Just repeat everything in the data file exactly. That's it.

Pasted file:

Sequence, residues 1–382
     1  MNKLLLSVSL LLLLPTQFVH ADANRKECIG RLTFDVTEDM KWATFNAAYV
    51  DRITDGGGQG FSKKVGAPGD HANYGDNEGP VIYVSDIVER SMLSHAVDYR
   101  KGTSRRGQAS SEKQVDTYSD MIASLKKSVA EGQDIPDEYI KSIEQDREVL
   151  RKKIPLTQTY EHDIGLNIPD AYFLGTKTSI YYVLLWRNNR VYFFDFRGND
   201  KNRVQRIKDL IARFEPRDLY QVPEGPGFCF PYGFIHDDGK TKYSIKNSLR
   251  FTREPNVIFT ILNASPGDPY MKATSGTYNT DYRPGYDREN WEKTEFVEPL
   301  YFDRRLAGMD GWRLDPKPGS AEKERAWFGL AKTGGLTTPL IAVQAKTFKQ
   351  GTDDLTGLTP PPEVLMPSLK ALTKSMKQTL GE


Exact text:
Sequence, residues 1–382
     1  MNKLLLSVSL LLLLPTQFVH ADANRKECIG RLTFDVTEDM KWATFNAAYV
    51  DRITDGGGQG FSKKVGAPGD HANYGDNEGP VIYVSDIVER SMLSHAVDYR
   101  KGTSRRGQAS SEKQVDTYSD MIASLKKSVA EGQDIPDEYI KSIEQDREVL
   151  RKKIPLTQTY EHDIGLNIPD AYFLGTKTSI YYVLLWRNNR VYFFDFRGND
   201  KNRVQRIKDL IARFEPRDLY QVPEGPGFCF PYGFIHDDGK TKYSIKNSLR
   251  FTREPNVIFT ILNASPGDPY MKATSGTYNT DYRPGYDREN WEKTEFVEPL
   301  YFDRRLAGMD GWRLDPKPGS AEKERAWFGL AKTGGLTTPL IAVQAKTFKQ
   351  GTDDLTGLTP PPEVLMPSLK ALTKSMKQTL GE